The Seattle Water Heater Experts at Complete Mechanical offer tips and tricks to extend the life of your storage tank water heater. Understanding the standard (storage tank) water heater will help you avoid the most common killers. The Storage Tank Water Heater Specialists at Complete Mechanical site the top 5 killers of water heater that they encounter.
1. Water Heater Not Sized Properly
By using a water heater calculator, you can determine the most practical size to suit your needs. Entering specified parameters into the algorithm, including:
- Number of bathrooms
- Number of occupants
- List of appliances that use hot water (dishwasher, washing machine, etc.)
These are the common factors considered when determining the best size water heater for your home. The calculator will determine your required gallonage and British Thermal Unit (BTU) requirements according to your answers to specific questions. As an alternate, the Seattle Hot Water Experts at Complete Mechanical can provide that service for you.
When your water heater is too small, it will experience repeated expansion and contraction from continual overuse. This repeated stress will eventually break the storage tank, despite proper maintenance. Alternatively, a water heater that is too large will consume energy unnecessarily to maintain the thermostat setting on the tank for heated water never used.
2. Sacrificial Anodes, Sacrificed
At the top of most storage tank water heaters is a sacrificial anode. This element is designed to attract minerals from the water that can cause rust. The storage tank’s walls are protected from rusting when the minerals are drawn to the sacrificial anode. When the anode has been sacrificed, or completely used up, it no longer protects the storage tank walls. Sacrificial anodes can be:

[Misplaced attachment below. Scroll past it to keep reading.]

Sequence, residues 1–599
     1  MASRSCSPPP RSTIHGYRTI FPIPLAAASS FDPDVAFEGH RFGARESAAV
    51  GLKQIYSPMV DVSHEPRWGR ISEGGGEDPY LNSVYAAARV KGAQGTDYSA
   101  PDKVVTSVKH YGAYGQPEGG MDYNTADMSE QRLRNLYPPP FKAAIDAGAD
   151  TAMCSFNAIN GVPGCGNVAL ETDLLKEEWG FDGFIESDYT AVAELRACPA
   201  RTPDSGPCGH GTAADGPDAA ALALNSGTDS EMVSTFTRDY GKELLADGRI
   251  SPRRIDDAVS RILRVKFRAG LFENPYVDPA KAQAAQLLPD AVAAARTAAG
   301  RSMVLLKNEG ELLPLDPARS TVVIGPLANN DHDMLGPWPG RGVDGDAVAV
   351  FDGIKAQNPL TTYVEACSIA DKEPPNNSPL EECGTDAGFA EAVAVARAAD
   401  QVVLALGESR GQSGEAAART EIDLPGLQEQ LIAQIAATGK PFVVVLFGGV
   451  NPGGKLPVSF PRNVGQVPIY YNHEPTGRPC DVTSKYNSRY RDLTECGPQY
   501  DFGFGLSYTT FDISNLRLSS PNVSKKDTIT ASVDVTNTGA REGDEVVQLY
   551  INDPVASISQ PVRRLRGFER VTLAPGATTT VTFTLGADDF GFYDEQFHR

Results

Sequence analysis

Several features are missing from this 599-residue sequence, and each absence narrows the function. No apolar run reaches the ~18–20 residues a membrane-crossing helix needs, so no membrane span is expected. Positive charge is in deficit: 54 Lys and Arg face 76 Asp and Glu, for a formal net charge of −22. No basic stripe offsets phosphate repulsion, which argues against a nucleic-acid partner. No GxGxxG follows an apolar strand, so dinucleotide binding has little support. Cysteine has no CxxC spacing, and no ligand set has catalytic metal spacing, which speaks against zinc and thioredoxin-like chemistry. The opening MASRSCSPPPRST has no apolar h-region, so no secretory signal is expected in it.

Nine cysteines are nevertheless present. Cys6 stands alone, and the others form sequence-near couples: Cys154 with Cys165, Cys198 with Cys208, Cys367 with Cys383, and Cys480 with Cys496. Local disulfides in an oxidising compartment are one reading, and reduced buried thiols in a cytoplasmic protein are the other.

- a steel rod wrapped in aluminum
- a steel rod wrapped in magnesium
- charged or powered
The advantage to power anodes is that they do not wear out like the standard, wrapped sacrificial anodes.
Generally, if a storage tank has a 12-year warranty, there are two sacrificial anodes and a 6-year warranty indicates there is one sacrificial anode. It is important to realize that softened water will wear out the sacrificial anodes more quickly. If you are heating softened water, the sacrificial anodes should be checked and replaced as necessary at least two times per year during routine maintenance.
3. Buildup of Scale
Allowing sediment (scale) to accumulate (buildup) in the bottom of your water heater’s storage tank will cause:
- Excessive heat that can melt the tank’s glass lining
- The bottom of the tank to become insulated and not protected by the sacrificial anodes, which will eventually cause the tank to rust through.
Allowing scale to buildup in your water heater storage tank may void the manufacturer’s warranty. By draining about 1/3 of the quantity of water from the storage tank at least twice a year will eliminate scale buildup. This is easily accomplished by connecting a garden hose to the storage tank’s hose bib (at bottom of storage tank) and draining the water into a sink or drain. Visually inspect the water as it drains to determine that it is running clear and free of sediment. This is a good time to inspect the sacrificial anodes and replace as indicated.
4. Water Pressure too High
To reduce damage to pipes, the water heater and your home’s appliances, the pressure at the outlet of your water heater storage tank should not exceed 80 pounds per square inch (psi). The excessive pressure will put undue stress on the storage tank. The problem can be solved in one of two ways:
- Install a pressure reducing valve at the outlet of the storage tank
- Install an expansion tank at the outlet of the storage tank
Choosing the expansion tank will also guard against thermal expansion when the water heater cycles to maintain the set point when there is no demand.
5. Fumes from Corrosive Chemicals
Corrosive chemicals (bleach, ammonia, acids, etc.) release fumes. If these fumes are released close to the water heater, they will be drawn in during the combustion process. This will result in corrosive flames that will harm the water heater. The easiest/safest solution: Never store corrosive chemicals close to your water heater!